23rd Sunday of the Year – What is the Cost?

Price Tag

Study:  Take a close look at your personal calendar and checkbook and/or credit card statement.  Where do we spend our time and money?

Pray:  Is there a conflict of values in your life?  Ask the Lord for guidance and direction.

Serve:  How can I help someone today focus on the values and priorities that will bring true and lasting peace?

23rd Sunday Readings

I am not a shopper.  I am one of those people who takes pride in getting in and out of stores in the shortest period of time.  In fact, when I make my lists for the grocery or department store I often keep them on me, so that if I have a moment between meetings I can run and get what I need.

In my haste I find that I do not always pay attention to the price.  Later, I find in conversation that I could have gotten the item at a substantially reduced rate – if only I had paid attention to the cost.

We measure the value of most things by what they cost.  “What’s the price tag?” is a question that reveals our priorities and goals.  The cost of something AND our willingness (or unwillingness) to pay for it tells us much about what we think is important.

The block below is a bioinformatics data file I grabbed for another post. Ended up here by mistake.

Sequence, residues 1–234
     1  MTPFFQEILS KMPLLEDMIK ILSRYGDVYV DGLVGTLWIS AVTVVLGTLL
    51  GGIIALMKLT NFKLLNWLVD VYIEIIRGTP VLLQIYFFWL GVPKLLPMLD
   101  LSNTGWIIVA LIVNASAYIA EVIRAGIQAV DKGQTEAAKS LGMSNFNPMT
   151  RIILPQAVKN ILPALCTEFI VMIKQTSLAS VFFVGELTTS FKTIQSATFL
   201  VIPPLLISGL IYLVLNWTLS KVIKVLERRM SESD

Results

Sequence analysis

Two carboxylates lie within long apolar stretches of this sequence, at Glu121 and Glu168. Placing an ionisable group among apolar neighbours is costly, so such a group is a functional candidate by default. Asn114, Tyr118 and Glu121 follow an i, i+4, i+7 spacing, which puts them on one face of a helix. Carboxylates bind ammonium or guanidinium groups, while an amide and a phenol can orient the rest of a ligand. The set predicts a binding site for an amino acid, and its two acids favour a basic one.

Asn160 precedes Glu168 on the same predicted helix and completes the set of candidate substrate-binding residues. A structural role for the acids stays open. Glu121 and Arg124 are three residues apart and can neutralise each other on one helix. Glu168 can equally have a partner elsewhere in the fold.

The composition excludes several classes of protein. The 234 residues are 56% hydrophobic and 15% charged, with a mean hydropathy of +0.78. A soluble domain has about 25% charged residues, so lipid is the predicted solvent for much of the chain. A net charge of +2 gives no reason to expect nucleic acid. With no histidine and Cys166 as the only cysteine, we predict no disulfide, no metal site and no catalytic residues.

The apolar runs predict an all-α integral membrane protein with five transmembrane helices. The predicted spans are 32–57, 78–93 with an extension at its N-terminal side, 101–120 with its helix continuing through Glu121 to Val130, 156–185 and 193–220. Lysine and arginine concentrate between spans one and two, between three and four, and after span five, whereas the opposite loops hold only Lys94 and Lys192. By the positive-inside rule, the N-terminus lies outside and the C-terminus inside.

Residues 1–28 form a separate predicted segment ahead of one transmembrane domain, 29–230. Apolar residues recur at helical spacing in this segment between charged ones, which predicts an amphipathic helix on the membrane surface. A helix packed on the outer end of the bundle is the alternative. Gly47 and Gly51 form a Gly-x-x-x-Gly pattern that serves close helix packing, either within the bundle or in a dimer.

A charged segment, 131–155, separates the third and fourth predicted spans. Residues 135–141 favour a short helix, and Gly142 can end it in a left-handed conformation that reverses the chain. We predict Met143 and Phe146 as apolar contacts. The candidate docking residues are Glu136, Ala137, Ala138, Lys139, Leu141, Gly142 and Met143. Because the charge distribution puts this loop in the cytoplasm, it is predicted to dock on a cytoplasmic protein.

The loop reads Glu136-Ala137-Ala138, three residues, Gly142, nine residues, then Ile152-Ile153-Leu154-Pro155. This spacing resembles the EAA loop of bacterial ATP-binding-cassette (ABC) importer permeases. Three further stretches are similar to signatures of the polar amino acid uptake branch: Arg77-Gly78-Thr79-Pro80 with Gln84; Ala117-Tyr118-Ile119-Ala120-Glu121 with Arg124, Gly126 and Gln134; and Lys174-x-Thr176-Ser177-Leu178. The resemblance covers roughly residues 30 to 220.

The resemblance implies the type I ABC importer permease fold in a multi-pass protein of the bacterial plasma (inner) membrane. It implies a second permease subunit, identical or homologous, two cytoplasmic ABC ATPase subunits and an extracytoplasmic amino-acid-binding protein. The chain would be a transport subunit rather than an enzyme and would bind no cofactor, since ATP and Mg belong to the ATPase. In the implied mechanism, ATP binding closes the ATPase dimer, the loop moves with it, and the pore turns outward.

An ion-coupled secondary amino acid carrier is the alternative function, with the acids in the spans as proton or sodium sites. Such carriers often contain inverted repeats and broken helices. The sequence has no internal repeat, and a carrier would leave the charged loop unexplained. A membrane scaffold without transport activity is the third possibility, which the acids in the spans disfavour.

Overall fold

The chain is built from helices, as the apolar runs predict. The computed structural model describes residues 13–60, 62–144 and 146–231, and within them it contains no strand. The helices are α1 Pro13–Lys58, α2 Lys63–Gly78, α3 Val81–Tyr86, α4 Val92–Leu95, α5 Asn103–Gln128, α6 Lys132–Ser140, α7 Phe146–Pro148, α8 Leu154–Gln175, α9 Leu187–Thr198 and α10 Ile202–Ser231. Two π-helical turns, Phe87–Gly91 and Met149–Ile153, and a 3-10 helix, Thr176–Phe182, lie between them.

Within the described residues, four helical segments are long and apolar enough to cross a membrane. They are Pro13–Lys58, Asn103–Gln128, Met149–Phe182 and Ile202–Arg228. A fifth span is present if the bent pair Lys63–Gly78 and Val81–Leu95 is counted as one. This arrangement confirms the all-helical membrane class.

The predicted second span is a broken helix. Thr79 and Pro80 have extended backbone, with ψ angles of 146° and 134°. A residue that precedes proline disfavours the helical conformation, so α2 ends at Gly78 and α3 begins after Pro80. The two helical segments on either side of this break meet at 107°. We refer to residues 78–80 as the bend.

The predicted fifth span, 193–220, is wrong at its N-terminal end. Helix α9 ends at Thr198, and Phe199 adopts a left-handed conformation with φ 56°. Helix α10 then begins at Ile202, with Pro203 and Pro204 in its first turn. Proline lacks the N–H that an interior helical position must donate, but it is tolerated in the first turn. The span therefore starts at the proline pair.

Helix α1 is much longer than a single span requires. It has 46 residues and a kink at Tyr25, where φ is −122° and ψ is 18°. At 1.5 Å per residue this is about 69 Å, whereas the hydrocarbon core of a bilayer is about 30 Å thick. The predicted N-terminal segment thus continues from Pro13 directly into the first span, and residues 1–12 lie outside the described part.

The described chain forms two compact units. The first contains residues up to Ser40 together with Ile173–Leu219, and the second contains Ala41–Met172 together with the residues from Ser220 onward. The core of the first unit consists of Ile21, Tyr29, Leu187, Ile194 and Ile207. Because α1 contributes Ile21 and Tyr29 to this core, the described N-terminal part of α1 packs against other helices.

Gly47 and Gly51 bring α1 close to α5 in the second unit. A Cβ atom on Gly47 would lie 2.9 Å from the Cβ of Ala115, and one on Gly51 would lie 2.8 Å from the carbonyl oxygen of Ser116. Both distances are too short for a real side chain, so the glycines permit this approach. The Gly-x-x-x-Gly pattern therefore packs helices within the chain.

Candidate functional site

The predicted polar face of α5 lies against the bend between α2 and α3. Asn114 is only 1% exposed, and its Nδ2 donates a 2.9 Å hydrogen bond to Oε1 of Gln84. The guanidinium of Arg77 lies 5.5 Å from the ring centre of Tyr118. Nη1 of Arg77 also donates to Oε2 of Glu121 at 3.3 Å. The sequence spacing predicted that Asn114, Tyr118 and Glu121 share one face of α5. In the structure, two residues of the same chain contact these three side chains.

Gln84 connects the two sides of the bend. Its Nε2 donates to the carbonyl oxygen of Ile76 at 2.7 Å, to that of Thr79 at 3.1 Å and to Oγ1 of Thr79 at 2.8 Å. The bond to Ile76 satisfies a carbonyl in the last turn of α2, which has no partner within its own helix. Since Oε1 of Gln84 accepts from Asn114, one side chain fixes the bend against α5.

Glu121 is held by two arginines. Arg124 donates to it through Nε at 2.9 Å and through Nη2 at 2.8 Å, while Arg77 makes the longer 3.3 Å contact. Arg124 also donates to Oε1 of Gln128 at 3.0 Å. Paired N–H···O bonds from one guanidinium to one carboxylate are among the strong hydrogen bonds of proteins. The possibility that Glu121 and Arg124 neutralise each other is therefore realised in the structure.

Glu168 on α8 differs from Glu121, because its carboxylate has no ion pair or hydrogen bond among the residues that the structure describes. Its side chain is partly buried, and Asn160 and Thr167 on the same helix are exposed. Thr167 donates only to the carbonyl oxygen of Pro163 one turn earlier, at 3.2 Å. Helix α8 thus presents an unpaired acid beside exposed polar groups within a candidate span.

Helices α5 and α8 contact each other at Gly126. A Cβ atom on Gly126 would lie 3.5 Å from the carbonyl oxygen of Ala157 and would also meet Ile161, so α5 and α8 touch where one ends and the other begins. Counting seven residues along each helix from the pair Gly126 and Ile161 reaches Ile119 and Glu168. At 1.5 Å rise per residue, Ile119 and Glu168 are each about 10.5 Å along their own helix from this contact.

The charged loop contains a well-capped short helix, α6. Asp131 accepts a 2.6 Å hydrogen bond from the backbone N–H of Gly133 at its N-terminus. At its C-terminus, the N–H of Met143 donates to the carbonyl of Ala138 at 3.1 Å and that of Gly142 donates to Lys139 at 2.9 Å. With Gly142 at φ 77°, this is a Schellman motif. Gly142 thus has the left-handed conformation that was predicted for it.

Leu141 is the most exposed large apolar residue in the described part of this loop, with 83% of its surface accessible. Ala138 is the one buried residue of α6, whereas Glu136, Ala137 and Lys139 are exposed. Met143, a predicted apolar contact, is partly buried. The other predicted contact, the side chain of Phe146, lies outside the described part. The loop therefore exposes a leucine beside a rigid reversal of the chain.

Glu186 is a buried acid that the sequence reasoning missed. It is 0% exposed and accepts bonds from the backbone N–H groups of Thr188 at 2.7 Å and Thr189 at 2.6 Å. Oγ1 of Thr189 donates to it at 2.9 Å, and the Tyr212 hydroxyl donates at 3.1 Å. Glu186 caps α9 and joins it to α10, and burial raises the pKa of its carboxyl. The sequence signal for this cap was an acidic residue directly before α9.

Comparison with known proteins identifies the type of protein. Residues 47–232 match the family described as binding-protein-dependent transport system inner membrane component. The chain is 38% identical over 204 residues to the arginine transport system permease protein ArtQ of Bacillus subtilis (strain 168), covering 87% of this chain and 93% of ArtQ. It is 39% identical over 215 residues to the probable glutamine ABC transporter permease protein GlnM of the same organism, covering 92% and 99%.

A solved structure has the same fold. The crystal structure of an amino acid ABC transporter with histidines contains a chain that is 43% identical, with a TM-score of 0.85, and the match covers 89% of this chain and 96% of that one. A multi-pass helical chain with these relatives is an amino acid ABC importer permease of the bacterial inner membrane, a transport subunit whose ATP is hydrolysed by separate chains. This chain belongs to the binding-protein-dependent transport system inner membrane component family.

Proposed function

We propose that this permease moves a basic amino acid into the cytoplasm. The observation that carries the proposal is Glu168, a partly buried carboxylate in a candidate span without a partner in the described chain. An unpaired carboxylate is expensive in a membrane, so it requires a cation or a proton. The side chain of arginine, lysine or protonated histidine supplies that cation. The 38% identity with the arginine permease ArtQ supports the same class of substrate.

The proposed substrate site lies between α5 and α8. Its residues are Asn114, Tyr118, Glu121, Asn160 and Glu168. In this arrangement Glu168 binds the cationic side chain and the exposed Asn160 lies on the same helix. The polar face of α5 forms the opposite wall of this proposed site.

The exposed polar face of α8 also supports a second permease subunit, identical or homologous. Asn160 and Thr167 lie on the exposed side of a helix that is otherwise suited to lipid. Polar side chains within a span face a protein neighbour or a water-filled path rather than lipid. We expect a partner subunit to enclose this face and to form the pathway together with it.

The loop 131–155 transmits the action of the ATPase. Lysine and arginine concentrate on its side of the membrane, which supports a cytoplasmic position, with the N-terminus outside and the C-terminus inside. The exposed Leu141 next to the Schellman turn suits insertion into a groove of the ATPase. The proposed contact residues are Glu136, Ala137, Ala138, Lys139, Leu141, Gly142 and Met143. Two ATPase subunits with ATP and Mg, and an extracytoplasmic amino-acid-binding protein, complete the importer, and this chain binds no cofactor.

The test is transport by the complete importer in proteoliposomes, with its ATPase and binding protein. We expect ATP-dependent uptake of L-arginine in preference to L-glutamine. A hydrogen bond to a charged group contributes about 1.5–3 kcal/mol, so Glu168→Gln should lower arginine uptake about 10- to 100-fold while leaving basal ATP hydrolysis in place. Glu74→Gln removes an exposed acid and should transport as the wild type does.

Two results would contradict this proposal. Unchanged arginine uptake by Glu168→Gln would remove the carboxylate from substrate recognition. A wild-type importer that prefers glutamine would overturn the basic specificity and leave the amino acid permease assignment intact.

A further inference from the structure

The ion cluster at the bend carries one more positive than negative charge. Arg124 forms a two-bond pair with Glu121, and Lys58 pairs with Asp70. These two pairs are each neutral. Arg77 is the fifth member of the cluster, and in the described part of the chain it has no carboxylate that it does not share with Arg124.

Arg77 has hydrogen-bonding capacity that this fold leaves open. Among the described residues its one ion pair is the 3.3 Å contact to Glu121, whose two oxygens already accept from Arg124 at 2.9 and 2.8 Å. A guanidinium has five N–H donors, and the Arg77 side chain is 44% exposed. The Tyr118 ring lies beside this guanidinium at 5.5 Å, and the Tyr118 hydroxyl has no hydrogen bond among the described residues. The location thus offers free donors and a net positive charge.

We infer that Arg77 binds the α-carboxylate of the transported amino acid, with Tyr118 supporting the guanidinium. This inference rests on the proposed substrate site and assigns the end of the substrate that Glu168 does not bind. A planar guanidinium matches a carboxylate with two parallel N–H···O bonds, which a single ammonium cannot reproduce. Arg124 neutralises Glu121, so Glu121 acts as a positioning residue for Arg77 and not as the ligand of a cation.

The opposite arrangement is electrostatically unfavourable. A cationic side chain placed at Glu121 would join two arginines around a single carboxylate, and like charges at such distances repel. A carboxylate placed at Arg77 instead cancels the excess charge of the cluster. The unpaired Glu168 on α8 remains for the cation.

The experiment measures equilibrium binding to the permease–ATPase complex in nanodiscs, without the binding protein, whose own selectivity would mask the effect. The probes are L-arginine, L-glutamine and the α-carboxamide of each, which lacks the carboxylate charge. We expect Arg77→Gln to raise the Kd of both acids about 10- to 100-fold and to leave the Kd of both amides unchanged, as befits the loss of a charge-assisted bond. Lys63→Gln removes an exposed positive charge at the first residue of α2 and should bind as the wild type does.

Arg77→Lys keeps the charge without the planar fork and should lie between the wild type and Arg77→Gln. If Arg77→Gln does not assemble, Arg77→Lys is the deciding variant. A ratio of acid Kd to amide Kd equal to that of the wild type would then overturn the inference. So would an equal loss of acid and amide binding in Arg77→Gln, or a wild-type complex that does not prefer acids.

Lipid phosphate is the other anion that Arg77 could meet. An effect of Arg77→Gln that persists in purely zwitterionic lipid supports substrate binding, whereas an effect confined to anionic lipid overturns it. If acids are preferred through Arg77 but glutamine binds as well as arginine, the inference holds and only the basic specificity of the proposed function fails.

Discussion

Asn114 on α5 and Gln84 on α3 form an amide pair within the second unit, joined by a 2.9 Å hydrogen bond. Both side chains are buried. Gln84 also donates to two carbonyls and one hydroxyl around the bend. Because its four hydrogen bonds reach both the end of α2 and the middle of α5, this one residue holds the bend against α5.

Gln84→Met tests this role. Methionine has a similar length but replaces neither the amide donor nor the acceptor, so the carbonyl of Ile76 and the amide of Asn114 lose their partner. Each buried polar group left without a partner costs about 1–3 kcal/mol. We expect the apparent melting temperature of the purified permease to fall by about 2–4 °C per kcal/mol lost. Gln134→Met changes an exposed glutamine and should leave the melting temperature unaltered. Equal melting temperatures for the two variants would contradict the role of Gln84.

It is this notion of cost that surfaces in Luke’s Gospel today.  Jesus makes it very clear to the crowds that the cost for being a disciple is EVERYTHING.
*Our very Lives

All that we have and all that we offer belong to God, and it is the Lord who will demand everything back when we stand in the Lord’s presence on the day of judgment.

To follow Jesus, then, is to recognize that all that we have is God’s gift given to us.  We are merely the stewards of the Lord’s possessions – entrusted to take care of what God has given us during our lives here on earth.

When we recognize the real cost of following Jesus – everything we have and are – then we begin to see that all of life is a blessing that we have to use, but will never own.  This is just another way of saying that “we can’t take it with us” when we die.  The cost for following Jesus is the understanding that everything belongs to God, and everything will one day return back to the Lord.

As we continue to see all of life as belonging to God, we begin to discover a new freedom in how we live and use what we have.  Guided by this freedom, possessions no longer rule our lives; rather, they become instruments by which we help others and enjoy the blessing of our lives as gifts from God.

About Fr. Andrew Ricci

A Catholic priest since 1997, Fr. Andrew Ricci is currently the rector of the Cathedral of Christ the King in Superior, WI. His website "Three Great Things" can be found at studyprayserve.com and his podcasts can be found under "Catholic Inspiration" in the iTunes store. View all posts by Fr. Andrew Ricci

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